Faye Yu has worn a wedding dress in many of her movies, but not in real life.

In a 2016 interview with Phoenix News, Yu says: “By the time I was 20 years old, I was instilled with the concept of marriage by society and my family. But up to the present day, I will not simply accept a concept given to me by others. I have my own concept of marriage.”

In the interview, she says she has a stable partner, but does not feel the roles of “wife” or “mother” suit her lifestyle: “I don’t reject it, but I don’t feel it is something I need to attain in this life.”

“She says it so well,” one Weibo commenter writes: “I am a proponent of singlehood, although I do not oppose to marriage. I just feel we shouldn’t enter marriage within such a restricted time frame. This is a state of mind that is not welcomed or accepted by the majority of people.”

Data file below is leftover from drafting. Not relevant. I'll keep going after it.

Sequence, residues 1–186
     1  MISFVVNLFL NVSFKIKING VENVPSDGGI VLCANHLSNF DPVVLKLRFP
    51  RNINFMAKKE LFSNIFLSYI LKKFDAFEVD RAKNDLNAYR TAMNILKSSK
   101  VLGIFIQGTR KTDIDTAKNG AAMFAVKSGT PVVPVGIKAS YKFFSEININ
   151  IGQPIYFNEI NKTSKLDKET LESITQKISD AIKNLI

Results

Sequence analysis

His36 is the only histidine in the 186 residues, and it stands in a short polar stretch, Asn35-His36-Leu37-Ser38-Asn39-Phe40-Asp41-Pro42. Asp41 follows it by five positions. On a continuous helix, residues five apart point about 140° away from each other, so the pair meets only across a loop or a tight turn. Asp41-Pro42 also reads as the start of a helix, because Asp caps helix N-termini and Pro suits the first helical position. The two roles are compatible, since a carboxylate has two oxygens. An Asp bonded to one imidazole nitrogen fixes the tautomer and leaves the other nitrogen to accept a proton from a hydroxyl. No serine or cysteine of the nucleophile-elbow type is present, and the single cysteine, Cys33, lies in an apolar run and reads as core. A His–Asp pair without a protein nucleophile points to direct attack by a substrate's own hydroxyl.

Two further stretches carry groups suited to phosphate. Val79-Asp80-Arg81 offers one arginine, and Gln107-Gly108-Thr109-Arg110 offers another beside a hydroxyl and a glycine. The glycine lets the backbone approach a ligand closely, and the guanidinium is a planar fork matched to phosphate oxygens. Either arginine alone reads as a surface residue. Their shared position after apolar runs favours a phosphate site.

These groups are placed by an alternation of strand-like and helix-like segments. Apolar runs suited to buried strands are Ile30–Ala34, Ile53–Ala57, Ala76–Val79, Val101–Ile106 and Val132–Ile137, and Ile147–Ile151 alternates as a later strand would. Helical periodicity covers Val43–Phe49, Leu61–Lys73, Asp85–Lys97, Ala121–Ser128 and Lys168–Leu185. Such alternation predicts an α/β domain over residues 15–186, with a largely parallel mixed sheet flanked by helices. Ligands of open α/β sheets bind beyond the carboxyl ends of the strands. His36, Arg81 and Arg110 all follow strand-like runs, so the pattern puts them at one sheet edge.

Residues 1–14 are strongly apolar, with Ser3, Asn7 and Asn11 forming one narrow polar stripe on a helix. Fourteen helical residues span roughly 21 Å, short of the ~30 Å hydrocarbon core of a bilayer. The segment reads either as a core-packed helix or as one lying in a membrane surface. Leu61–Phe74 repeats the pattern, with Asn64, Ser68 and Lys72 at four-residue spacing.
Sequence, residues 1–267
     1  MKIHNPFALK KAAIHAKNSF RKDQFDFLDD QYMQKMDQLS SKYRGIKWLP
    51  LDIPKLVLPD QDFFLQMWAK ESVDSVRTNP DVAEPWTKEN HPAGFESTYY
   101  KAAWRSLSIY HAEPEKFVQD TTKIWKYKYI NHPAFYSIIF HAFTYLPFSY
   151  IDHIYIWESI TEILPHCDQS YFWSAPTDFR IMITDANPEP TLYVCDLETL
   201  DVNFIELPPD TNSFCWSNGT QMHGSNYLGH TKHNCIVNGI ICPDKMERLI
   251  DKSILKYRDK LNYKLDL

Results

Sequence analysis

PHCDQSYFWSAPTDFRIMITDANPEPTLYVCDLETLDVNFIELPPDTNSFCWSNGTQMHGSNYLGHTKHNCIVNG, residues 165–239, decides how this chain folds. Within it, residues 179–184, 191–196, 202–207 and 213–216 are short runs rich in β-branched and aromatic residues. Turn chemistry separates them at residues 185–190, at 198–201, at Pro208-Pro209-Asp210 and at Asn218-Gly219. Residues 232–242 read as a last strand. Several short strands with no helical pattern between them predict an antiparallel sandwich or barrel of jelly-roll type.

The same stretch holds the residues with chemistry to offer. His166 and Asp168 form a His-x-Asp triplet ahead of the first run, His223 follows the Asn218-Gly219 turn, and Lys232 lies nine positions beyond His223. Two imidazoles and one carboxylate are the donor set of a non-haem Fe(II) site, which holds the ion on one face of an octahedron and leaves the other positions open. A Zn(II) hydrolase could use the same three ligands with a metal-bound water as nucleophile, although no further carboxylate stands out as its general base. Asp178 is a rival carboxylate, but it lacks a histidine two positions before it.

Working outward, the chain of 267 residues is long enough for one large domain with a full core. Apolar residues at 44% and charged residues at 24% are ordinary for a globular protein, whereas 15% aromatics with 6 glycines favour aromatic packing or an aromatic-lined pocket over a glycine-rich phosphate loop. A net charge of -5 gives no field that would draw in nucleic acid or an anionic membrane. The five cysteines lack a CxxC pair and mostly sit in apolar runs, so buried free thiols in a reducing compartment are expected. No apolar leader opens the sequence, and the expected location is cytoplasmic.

“I am not married for the mere reason that I do not want to be married yet,” another person says. “It is just so fascinating to see someone with such an independent way of thinking,” others say.

Besides praising Yu’s courage, there are also many who condemn Chinese men such as the talk show hosts Dou Wentao or Feng Tang who do not hesitate to question unmarried women such as Yu about their single status – even suggesting that being single and “being lonely” are practically the same thing.

Feng Tang about being single: “But you won’t finish a bottle of wine alone, and if you order food, two dishes might be too much but one dish is never enough. Aren’t you bothered by these kinda things?” Faye responds: “I really don’t have any problems with that.”